Monday, January 16, 2017



January 15, 1929 - April 4, 1968
Today we celebrate the life and legacy of
Martin Luther King, Jr., one of the most significant figures in the history of the United States. His role in the civil rights movement
can hardly be overstated, and for someone like me who spent his life teaching the civic virtues
of eloquence and persuasive argument Dr. King
will always be a hero.

Martin Luther King, Jr. Day is a Federal holiday, but for many years during my teaching career school was still held, and even today most school districts use the date as a mandatory teacher in-service day even if they don't hold regular classes with students.

"That seems...disrespectful."

I don't disagree...on the other hand, we don't try to honor his memory with mattress sales, the way we do for Washington and Lincoln...

One and Done...Again

The Chiefs' season is now over thanks to their gut-wrenching 18-16 defeat to the Pittsburgh Steelers at Arrowhead Stadium in the teams' Divisional Round playoff game.

The Chiefs became just the fifth team in
NFL history to lose a playoff game without allowing a touchdown, and the first to do so
in 27 years. They are the only team to lose such a game while scoring multiple touchdowns themselves. The also own the current NFL record for consecutive home losses in the playoffs, with five.

Since the merger, the Chiefs have won just four playoff games in 47 years, while losing 15. By any measure that is a dreadful record. Last night's dismal performance is just the latest in a series of failures that have defined the franchise since 1970.

"So, why do you continue to root for them?"

That's a really good question...maybe 47 years of mediocrity is finally enough for me...

The View From the Pinnacle

From the insightful pen of Michael Ramirez, whose editorial cartoons you should read often, as I do.

Until Next Time...

On January 16, 1938 jazz icon Benny Goodman, one of my dad's clarinet heroes, made history by bringing his big-band jazz sound to storied Carnegie Hall in New York City.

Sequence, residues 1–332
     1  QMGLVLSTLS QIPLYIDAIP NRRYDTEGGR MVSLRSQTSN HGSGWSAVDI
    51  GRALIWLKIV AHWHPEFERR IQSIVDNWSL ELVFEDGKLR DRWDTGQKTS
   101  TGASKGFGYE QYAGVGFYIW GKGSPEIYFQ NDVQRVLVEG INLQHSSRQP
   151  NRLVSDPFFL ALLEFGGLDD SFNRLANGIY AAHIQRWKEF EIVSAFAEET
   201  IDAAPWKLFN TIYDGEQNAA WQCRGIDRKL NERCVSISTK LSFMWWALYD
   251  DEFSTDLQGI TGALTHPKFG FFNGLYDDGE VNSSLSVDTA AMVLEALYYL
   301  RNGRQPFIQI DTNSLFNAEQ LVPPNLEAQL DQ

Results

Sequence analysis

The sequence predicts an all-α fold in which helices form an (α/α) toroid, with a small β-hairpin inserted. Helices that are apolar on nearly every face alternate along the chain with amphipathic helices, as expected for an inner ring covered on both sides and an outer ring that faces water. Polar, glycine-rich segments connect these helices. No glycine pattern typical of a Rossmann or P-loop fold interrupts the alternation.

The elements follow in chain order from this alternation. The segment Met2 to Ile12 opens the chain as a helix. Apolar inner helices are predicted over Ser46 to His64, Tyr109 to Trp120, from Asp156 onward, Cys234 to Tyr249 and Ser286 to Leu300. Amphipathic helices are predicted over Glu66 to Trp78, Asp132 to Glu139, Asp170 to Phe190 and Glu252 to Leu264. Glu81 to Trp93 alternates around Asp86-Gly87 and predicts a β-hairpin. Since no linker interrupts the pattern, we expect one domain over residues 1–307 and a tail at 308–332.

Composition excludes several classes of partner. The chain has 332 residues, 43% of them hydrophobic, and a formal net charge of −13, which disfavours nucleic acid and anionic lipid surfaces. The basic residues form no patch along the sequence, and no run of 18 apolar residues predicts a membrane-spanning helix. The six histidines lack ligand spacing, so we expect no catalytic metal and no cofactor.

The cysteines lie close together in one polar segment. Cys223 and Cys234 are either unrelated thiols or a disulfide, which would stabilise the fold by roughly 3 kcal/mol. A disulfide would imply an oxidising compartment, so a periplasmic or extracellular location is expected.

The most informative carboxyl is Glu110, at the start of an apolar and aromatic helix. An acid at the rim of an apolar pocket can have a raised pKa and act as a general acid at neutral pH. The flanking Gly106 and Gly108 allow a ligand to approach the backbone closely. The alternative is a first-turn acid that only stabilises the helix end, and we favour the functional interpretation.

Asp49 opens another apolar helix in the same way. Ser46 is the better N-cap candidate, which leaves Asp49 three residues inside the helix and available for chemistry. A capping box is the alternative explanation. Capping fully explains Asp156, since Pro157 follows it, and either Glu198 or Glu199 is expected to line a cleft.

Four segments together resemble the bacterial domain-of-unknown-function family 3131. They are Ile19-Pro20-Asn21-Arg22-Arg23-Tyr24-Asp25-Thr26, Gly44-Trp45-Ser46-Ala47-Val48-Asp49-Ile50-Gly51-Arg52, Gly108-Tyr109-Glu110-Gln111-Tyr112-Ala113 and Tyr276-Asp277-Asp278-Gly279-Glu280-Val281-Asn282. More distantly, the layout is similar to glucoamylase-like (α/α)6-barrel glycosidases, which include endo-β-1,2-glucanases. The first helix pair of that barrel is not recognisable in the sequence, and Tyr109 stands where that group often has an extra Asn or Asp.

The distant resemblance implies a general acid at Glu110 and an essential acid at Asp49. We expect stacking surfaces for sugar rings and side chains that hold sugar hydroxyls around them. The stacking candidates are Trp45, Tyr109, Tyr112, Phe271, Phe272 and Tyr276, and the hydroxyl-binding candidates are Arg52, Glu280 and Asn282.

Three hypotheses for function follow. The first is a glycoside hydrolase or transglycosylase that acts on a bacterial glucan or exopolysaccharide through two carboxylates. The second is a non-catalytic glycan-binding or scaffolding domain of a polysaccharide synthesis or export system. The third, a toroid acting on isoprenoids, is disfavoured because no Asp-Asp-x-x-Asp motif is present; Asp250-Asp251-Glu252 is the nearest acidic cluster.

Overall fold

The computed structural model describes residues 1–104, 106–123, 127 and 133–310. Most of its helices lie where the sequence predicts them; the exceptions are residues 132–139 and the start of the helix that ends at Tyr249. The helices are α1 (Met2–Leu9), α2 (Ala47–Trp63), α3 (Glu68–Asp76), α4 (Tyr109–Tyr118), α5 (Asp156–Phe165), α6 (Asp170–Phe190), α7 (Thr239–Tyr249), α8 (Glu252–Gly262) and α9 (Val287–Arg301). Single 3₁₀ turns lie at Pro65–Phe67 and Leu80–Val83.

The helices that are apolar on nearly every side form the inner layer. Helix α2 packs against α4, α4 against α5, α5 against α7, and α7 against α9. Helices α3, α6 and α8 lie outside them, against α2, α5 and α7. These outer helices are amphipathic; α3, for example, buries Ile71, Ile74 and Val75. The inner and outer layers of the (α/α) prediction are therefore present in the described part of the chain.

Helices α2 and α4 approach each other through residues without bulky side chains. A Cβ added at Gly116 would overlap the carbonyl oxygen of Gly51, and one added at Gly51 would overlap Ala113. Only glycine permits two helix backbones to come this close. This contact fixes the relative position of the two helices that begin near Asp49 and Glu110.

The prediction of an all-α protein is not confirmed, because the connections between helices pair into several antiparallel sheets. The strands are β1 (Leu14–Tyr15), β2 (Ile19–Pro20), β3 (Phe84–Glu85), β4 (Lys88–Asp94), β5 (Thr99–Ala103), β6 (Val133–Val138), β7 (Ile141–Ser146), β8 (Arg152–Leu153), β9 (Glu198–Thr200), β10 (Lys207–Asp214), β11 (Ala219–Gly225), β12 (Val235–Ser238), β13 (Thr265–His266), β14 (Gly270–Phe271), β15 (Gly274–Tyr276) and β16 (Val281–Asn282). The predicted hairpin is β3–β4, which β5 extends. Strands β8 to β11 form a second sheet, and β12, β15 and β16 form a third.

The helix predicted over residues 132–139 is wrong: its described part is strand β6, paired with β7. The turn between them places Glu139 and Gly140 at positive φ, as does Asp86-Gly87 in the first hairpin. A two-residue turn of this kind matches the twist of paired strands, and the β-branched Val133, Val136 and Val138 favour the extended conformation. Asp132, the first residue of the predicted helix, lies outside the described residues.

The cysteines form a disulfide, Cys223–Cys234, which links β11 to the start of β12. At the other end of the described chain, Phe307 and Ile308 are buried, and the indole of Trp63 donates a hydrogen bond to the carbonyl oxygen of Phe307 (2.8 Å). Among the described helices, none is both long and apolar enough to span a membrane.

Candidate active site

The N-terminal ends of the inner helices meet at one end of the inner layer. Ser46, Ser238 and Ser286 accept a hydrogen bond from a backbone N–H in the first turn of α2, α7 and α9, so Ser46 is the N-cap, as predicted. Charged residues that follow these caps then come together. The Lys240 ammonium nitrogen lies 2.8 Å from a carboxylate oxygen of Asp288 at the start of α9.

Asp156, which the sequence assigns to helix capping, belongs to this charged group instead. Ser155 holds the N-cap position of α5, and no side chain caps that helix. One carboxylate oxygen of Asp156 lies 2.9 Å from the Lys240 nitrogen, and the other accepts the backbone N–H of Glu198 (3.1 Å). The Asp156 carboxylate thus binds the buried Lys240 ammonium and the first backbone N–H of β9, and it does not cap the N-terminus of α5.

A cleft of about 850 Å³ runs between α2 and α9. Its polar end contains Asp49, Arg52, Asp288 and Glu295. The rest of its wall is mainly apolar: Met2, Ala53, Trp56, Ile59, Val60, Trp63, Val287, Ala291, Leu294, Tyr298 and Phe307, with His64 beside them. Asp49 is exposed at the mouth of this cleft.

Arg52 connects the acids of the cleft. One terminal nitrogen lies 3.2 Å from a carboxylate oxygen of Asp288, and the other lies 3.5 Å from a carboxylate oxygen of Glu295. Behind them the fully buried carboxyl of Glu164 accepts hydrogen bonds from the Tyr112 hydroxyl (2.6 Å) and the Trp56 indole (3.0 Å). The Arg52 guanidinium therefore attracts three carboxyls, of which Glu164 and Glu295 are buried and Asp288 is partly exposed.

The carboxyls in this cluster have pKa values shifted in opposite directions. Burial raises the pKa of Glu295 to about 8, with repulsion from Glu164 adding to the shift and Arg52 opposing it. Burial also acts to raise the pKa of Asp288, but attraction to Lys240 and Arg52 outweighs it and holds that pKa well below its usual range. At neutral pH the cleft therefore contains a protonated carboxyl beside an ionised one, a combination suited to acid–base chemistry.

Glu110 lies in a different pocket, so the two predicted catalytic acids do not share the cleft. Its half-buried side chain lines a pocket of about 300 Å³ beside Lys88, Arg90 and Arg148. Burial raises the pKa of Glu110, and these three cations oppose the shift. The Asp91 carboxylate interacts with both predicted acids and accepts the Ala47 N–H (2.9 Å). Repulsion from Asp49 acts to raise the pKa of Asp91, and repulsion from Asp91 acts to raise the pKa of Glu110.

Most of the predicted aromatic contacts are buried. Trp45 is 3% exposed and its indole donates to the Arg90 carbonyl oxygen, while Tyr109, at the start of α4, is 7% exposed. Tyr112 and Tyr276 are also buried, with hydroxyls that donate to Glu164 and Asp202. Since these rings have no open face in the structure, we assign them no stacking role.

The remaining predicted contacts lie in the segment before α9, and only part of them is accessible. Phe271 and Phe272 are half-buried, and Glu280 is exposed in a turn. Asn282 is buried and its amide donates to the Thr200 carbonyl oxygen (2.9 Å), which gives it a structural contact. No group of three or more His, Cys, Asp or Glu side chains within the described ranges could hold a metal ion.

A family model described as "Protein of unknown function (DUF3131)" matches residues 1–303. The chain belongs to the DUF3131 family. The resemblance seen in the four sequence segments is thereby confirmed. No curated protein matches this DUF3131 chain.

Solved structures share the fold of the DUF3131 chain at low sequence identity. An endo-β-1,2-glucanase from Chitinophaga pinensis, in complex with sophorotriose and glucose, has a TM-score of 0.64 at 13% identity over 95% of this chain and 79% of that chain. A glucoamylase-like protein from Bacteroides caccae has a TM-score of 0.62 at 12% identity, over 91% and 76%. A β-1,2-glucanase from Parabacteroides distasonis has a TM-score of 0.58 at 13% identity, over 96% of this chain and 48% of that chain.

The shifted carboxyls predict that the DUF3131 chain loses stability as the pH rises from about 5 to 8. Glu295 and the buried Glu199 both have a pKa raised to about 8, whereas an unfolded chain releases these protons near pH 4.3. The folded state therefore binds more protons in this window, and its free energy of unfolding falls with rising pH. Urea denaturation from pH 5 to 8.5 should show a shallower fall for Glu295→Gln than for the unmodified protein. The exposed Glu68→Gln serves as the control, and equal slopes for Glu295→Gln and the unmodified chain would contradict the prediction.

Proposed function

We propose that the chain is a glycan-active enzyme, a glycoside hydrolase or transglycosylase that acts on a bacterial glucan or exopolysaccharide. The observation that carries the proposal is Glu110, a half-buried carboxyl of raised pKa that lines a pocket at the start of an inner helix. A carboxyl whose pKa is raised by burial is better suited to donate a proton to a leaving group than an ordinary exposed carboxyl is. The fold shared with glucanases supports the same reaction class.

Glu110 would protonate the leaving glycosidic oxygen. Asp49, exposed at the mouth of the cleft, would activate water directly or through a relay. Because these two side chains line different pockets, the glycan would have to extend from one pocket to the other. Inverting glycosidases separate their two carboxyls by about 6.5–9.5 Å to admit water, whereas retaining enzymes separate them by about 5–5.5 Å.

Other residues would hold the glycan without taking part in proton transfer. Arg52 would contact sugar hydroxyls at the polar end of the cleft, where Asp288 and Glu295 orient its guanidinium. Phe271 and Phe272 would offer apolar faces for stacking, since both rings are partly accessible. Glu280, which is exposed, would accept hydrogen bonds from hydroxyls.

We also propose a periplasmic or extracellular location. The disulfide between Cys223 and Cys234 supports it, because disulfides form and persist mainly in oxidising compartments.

Probably the biggest star in jazz at that time, Goodman's band that night featured many other standout performers as well, including trumpeter Harry James, vibraphonist Lionel Hampton, and drummer Gene Krupa. He also invited several members of the Duke Ellington and Count Basie orchestras (including Basie himself) to join him for the historic performance.

1999 Columbia/Legacy remaster
The concert wasn't made available as a recording until 1950, when its Columbia Records LP release became the first-ever double-album. It was an immediate sensation, and was one of the first recordings ever to top one million in sales.

Since then the material has been remastered and reissued on several occasions, as technology improves our ability to preserve the essence
of the live concert experience while minimizing recording artifacts.
The 1999 Columbia/Legacy reissue is widely regarded as having struck the best balance between accurate sound and minimal noise.

Today's send-off is the 1999 remaster of the main show's closing number, which of course was Goodman's signature song, the Louis Prima-written classic "Sing Sing Sing," found on Gene Krupa's YouTube channel. Enjoy...

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